remit

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See also: remît

English[edit]

Alternative forms[edit]

Etymology[edit]

From Middle English remitten, from Old French remettre, remetre, remitter, from Latin remittere (to send, send back), present active infinitive of remittō.

Pronunciation[edit]

Verb

Noun

Verb[edit]

remit (third-person singular simple present remits, present participle remitting, simple past and past participle remitted)

  1. To forgive, pardon.
    • 2009, Diarmaid MacCulloch, A History of Christianity, Penguin 2010, p. 307:
      So he said that there was no sin to remit in baptism: ‘sin is not born with a man, it is subsequently committed by the man; for it is shown to be a fault, not of nature, but of the human will’.
  2. To refrain from exacting or enforcing.
    to remit the performance of an obligation
    • Macaulay
      The sovereign was undoubtedly competent to remit penalties.
  3. (transitive, obsolete, rare) To give up; omit; cease doing.
  4. To allow (something) to slacken, to relax (one's attention etc.).
  5. (obsolete) To show a lessening or abatement (of) a specified quality.
    • 1621, Robert Burton, The Anatomy of Melancholy, New York 2001, p.132-3:
      Great Alexander in the midst of all his prosperity […], when he saw one of his wounds bleed, remembered that he was but a man, and remitted of his pride.
  6. (obsolete) To diminish, abate.
    • 1621, Robert Burton, The Anatomy of Melancholy, Book I, New York 2001, p. 139:
      Dotage, fatuity, or folly [] is for the most part intended or remitted in particular men, and thereupon some are wiser than others […].
  7. To refer (something) for deliberation, judgment, etc. (to a particular body or person).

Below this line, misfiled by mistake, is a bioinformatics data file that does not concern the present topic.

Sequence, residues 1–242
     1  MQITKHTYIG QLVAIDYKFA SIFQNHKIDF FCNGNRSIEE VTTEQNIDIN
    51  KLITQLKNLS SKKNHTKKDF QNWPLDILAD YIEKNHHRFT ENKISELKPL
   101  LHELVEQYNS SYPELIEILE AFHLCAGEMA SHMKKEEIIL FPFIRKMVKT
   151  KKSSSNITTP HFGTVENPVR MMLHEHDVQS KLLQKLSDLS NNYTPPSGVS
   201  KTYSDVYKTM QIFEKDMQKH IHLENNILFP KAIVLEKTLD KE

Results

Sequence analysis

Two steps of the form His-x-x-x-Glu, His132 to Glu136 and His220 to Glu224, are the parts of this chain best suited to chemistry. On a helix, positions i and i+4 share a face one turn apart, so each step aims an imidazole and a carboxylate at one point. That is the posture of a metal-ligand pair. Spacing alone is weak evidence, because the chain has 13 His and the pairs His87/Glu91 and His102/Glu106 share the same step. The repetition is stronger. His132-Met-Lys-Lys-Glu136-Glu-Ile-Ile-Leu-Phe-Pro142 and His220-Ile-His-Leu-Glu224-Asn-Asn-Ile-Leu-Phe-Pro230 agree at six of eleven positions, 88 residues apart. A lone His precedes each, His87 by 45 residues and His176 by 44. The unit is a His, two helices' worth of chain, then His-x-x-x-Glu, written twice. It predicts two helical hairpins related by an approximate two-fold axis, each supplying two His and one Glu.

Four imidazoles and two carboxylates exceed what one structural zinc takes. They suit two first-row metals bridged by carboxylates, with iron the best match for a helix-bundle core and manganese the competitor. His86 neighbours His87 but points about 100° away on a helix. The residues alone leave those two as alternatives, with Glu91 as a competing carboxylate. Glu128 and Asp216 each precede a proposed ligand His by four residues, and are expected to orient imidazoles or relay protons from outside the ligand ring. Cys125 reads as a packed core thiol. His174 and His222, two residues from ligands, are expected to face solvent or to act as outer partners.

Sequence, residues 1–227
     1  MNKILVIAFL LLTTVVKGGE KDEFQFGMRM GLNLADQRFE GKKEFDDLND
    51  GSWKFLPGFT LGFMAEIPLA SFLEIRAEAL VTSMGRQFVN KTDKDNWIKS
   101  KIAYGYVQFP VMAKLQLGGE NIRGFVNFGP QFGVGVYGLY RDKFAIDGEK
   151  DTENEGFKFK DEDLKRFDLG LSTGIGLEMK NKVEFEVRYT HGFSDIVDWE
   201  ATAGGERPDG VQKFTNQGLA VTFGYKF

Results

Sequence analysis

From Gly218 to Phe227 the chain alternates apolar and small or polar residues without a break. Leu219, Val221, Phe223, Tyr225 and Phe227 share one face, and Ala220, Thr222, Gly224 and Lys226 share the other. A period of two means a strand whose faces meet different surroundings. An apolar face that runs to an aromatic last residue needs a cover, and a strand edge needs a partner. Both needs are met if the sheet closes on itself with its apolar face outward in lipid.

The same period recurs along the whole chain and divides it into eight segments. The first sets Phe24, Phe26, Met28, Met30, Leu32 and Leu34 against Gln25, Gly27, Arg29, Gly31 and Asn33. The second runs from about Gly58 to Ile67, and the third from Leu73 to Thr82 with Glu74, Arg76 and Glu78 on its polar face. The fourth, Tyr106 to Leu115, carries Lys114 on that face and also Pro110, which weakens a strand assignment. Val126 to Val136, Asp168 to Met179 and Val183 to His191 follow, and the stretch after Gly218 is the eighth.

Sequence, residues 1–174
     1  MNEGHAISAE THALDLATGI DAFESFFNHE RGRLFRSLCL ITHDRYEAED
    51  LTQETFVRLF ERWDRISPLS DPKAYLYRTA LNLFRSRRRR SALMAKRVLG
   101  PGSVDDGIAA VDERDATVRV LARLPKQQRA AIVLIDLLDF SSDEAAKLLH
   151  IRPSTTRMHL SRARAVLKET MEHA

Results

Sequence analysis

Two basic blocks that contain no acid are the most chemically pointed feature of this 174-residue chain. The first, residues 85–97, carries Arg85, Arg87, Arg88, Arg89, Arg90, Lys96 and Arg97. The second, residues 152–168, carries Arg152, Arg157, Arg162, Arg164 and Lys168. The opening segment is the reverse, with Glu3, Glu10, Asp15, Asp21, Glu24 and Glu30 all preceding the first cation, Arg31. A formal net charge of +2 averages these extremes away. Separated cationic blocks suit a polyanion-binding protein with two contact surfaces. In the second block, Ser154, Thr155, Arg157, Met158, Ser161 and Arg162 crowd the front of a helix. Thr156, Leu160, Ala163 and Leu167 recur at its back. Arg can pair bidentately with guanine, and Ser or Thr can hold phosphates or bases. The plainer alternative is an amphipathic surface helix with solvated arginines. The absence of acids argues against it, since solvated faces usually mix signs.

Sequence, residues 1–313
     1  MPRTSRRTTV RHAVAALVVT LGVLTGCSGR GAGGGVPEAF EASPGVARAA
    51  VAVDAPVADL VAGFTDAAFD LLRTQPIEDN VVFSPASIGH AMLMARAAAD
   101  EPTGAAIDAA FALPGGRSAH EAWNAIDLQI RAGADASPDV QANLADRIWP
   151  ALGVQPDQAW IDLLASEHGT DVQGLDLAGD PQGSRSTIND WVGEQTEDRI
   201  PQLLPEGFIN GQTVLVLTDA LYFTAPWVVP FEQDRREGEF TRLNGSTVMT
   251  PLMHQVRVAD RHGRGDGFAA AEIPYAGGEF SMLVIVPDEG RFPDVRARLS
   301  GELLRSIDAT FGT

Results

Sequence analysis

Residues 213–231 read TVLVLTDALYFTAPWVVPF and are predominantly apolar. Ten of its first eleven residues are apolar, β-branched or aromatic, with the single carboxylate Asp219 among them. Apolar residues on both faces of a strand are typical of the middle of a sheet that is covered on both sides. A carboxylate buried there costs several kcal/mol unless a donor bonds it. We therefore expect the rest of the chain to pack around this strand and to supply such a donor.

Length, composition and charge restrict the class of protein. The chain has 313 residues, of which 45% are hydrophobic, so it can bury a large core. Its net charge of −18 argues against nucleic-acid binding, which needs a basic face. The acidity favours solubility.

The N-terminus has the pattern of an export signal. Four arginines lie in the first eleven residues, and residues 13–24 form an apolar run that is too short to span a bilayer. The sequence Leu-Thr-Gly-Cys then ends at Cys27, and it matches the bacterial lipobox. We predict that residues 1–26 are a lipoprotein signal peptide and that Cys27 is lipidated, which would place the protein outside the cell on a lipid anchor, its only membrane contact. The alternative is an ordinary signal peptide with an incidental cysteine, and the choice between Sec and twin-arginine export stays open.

• Blackstone
      In the case the law remits him to his ancient and more certain right.
    • Hayward
      In grievous and inhuman crimes, offenders should be remitted to their prince.
    • Dryden
      The prisoner was remitted to the guard.
  8. (obsolete) To send back.
  9. (archaic) To give or deliver up; surrender; resign.
  10. To restore or replace.
    • Hayward
      The archbishop was [] remitted to his liberty.
  11. To postpone.
  12. To transmit or send, as money in payment.
    • 2003: The Hindu, World Cup sponsors can remit money in forex: SC read at [1] on 14 May 2006
      The Supreme Court today allowed major sponsors, including LG Electronics India (LGEI), to remit foreign exchange for the tournament.

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Related terms[edit]

Translations[edit]

Noun[edit]

remit (plural remits)

  1. (chiefly UK) terms of reference; set of responsibilities; scope.
    • 2000: Scientific Working Group on Good Laboratory Practice issues, Handbook: Good Laboratory Practice read on World Health Organisation website at [2] on 14 May 2006:
      WHO/TDR should prepare a volume containing ... important issues in the performance of studies that fall outside of the GLP remit.
    • 2001: H. Meinardi et al, ILAE Commission, The treatment gap in epilepsy: the current situation and ways forward read at [3] on 14 May 2006:
      However, this is beyond the remit of this particular article.
    • 2003: Andy Macleod, Cisco Systems, Pulling it all together - the 21st Century Campus read at [[4]] on 14 May 2006:
      Next steps ... Create one IS organisation and extend remit to all HE activities.
    • 2012, The Economist, Sep 29th 2012 issue, Chile's economic statistics: For reacher - or poorer
      [...] Chile needs to gather together its statisticians into a single agency, such as a new and improved INE, and give it more autonomy and a broader remit.

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French[edit]

Verb[edit]

remit

  1. third-person singular past historic of remettre

Anagrams[edit]